Background 15–20% of critical care patients die during their hospital admission. This service evaluation assesses the quality of palliative care on ICUs compared to national (NICE) standards, and which triggers identify palliative care needs.
Methods Retrospective service evaluation, using records review for all patients who died in four ICUs, between 1 June and July 31 2019. Descriptive statistics were reported for patient characteristics, length of stay, admission route, identification triggers, and palliative care delivery.
Results N=43. Death was recognised in 88% (38). Among those in which dying was recognized (N=35), 97%(34) had a documented family discussion before death, 9%(3) were offered religious/spiritual support, 11%(4) had review of hydration/nutrition, 6%(2) had documented preferred place of death. Prescription of anticipatory medications was complete in 71%(25) opioids, 34%(12) haloperidol, 54%(19) midazolam, 43%(15) hyoscine. Combining five triggers - length of stay >10 days prior to ICU admission 7%(3), multi-organ failure ‰¥3 systems 33%(14), stage IV malignancy 5%(2), post-cardiac arrest 23%(10), and intracerebral haemorrhage requiring mechanical ventilation 12%(5) - identified 60%(26) of patients. 14%(5) were referred to the palliative care team, and 8%(3) had specialist palliative care team review.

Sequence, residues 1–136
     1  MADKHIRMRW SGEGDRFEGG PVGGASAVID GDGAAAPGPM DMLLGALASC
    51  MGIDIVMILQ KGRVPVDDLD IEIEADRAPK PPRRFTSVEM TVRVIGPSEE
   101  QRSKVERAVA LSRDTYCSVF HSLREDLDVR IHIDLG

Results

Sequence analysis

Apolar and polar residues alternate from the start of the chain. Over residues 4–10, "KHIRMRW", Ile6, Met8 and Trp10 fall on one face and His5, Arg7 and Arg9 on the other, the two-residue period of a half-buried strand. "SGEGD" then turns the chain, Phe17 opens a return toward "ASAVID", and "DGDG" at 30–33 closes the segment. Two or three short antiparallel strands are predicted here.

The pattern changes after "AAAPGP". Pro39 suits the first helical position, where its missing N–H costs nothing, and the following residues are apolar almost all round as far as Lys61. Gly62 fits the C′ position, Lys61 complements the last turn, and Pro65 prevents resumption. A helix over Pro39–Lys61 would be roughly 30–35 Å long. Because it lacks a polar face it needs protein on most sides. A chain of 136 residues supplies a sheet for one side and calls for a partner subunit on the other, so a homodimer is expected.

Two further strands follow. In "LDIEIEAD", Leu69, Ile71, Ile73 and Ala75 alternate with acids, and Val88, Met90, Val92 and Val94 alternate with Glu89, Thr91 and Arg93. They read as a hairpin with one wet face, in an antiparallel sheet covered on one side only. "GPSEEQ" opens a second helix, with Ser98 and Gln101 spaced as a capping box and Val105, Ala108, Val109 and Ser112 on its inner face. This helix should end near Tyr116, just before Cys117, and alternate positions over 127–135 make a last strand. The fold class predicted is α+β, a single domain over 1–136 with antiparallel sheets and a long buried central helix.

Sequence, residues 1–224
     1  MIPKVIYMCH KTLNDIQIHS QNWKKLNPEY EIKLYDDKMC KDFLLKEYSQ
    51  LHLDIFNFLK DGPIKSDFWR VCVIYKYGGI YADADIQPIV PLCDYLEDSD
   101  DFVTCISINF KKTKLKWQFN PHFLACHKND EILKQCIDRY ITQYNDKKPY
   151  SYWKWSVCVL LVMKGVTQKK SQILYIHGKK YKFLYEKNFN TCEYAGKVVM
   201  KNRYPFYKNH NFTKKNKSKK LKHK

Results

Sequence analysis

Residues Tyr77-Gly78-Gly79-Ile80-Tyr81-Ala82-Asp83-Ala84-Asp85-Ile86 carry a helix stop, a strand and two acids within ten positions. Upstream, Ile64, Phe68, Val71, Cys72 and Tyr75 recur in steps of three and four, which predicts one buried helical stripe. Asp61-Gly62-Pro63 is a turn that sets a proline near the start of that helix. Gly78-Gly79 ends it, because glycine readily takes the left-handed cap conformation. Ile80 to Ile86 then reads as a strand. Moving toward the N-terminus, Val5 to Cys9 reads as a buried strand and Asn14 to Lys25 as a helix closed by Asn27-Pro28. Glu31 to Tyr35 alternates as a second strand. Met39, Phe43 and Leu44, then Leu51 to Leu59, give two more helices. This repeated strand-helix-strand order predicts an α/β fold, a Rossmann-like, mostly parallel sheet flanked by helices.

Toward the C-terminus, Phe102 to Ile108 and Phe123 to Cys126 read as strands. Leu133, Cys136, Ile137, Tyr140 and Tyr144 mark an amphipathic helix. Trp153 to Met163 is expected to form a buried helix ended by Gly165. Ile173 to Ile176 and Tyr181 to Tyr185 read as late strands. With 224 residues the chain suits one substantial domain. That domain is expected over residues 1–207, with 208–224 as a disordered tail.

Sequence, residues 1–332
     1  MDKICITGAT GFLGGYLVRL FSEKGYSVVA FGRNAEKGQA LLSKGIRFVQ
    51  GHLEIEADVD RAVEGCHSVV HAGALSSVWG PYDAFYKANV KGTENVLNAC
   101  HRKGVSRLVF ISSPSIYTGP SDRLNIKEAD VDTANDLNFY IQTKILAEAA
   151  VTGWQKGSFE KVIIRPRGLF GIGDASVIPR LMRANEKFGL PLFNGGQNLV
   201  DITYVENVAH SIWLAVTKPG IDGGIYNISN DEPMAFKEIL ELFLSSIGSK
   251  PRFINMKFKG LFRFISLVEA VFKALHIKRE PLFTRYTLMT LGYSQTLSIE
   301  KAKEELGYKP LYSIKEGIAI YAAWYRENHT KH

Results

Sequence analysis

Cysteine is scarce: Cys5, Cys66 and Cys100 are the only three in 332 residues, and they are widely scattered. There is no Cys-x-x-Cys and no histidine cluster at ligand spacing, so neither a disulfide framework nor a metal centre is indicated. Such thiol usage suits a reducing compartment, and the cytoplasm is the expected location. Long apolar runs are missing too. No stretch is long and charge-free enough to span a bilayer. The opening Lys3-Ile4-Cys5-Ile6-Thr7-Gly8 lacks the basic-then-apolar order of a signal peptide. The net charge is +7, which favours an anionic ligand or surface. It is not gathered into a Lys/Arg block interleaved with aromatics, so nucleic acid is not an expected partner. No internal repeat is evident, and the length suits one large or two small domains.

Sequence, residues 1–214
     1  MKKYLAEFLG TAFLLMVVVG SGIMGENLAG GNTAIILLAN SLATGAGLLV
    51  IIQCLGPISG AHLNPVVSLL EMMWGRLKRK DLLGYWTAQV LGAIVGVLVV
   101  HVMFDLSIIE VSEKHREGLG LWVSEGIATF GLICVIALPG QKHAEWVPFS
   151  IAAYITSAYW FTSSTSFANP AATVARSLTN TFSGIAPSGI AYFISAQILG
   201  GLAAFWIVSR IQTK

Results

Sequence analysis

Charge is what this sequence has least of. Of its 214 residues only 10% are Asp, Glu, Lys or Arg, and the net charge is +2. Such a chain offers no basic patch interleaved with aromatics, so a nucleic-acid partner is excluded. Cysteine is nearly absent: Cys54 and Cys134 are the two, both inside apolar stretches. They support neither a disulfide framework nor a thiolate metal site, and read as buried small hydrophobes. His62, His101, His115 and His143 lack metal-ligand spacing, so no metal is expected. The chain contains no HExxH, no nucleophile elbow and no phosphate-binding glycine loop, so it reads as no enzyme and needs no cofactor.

Conclusions Recognition of dying was high, but occurred close to death. Standard of end of life care was good in terms of family discussion, but religious/spiritual needs, review of hydration/nutrition, and prescription of anticipatory medications were less often considered. The ICUs delivered palliative care using a mainly ‘integrative’ model. Combining five triggers may increase identification of palliative care needs, but a larger study is needed.
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